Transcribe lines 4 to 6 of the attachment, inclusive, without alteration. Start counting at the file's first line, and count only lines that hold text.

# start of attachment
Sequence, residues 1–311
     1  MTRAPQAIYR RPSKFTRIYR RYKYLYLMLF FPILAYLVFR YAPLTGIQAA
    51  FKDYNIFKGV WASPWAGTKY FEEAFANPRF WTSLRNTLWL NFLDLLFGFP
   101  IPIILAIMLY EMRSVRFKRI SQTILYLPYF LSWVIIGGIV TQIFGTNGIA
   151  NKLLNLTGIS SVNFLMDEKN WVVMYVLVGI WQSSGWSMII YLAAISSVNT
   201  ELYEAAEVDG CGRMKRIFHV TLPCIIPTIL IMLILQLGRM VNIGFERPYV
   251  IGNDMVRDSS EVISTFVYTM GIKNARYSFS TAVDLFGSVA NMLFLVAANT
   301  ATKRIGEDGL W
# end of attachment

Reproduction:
   101  IPIILAIMLY EMRSVRFKRI SQTILYLPYF LSWVIIGGIV TQIFGTNGIA
   151  NKLLNLTGIS SVNFLMDEKN WVVMYVLVGI WQSSGWSMII YLAAISSVNT
   201  ELYEAAEVDG CGRMKRIFHV TLPCIIPTIL IMLILQLGRM VNIGFERPYV